R. Justice is conversant with the exterior acts of distribution and exchange. These are acts of disposing of exterior objects, either things, or persons, or services: things, as when one takes away from or restores to another the thing that is his; persons, as when one does wrong to the corporal presence of a man, striking him, or using insulting language to him, or again, when one shows him reverence; services, as when one justly exacts some service of another, or renders him some service due. If, therefore, we take as the matter of both species of justice the objects that we act upon and use, the matter of distributive and commutative justice is the same; for things can be distributed from the common store to individuals, and also exchanged between one individual and another: and there is also a distribution of laborious services, and a recompensing of the same. But if we take as the matter of the two species of justice the principal actions themselves by which we make use of persons, things, and services, at that rate we find different subject-matter in the two species. For distributive justice presides over distributions, while commutative justice presides over the exchanges that may have place between two individuals. Of these exchanges some are involuntary, some voluntary. Those are involuntary, in which one uses the thing, or person, or service of another against his will.1 This is done sometimes by fraud, sometimes by open violence. Both the one and the other have place either touching your neighbour’s thing, or touching his person, or touching some person related to him. Touching a thing, if one takes the thing of another secretly, it is called theft; if openly, it is called robbery. The involuntary exchange touches the person of your neighbour either in its substance or in its dignity. In the substance of his person, a neighbour is injured secretly by assassination, or by poison; openly by open murder, or by imprisonment, or by beating, or by maiming. In the dignity of his person, a neighbour is injured secretly by false witness or detraction; openly, by a judicial accusation, or by abusive language addressed to him. Touching a person related to him, a man is injured in his wife by adultery, and that secretly for the most part.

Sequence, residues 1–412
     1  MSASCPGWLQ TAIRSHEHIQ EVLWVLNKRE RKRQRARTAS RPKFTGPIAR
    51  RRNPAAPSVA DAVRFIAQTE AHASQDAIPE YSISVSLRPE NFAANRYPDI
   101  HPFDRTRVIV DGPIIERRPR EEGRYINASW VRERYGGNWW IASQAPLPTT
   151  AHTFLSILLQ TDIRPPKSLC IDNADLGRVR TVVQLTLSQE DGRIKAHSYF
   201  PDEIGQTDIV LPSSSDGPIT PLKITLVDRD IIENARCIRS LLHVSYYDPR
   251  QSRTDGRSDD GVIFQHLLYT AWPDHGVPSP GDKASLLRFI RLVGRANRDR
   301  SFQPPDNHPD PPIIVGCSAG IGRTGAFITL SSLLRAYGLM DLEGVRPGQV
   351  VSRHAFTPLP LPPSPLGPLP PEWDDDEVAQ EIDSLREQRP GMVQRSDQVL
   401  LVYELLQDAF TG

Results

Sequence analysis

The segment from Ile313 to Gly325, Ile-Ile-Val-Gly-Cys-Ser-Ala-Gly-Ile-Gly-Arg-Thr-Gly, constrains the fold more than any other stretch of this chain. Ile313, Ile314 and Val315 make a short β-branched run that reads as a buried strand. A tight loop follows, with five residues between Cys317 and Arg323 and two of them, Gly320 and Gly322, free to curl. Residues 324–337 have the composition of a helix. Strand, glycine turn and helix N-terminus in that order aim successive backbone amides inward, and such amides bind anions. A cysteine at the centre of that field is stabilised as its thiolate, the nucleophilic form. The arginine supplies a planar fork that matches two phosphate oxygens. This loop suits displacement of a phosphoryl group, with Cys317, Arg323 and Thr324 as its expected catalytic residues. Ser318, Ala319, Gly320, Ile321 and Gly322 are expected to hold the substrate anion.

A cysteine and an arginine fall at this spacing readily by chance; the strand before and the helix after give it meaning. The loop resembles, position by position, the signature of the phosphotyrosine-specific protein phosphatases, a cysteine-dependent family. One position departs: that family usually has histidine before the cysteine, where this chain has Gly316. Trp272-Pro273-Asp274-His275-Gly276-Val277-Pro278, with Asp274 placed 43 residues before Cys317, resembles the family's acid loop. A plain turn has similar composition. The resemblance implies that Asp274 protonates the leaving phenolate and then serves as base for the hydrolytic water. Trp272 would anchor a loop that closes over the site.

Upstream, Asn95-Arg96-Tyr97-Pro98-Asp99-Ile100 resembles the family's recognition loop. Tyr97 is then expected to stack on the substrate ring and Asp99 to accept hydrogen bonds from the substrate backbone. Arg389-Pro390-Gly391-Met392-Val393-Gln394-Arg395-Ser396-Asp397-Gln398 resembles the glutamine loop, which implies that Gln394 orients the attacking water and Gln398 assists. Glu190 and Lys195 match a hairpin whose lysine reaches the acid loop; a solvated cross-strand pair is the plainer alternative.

Voluntary exchanges, as they are called, are when one voluntarily transfers the thing that is his to another. If the transference is absolute without its being due, as in a gift, that is not an act of justice, but of liberality. A voluntary transference is a matter of justice, then when it bears some character of being due. And this character may be borne in many ways. One way is when a person absolutely transfers the thing that is his to another, to receive compensation in something else, as in buying and selling. Another way is when one hands over the thing that is his to another, granting him the use of the thing, but reserving a claim to the recovery of the thing. If he grants the use of the thing gratis, it is called usufruct in things that fructify, loan or lending in things that do not fructify. If not even the use is granted gratis, it is called letting and hiring. In a third way a man hands over the thing that is his, making it returnable to himself, and bargaining that the receiver shall not use it in the meanwhile, but shall merely hold it in safe-keeping, as a deposit or a pledge.
In all transactions such as these enumerated, whether voluntary or involuntary, the same principle holds of fixing the mean according to an even balance of give and take. And therefore the said transactions all belong to one species of justice, namely, commutative.
[1 ]Ethics and Natural Law, pp. 106 foot, 107. (Trl.)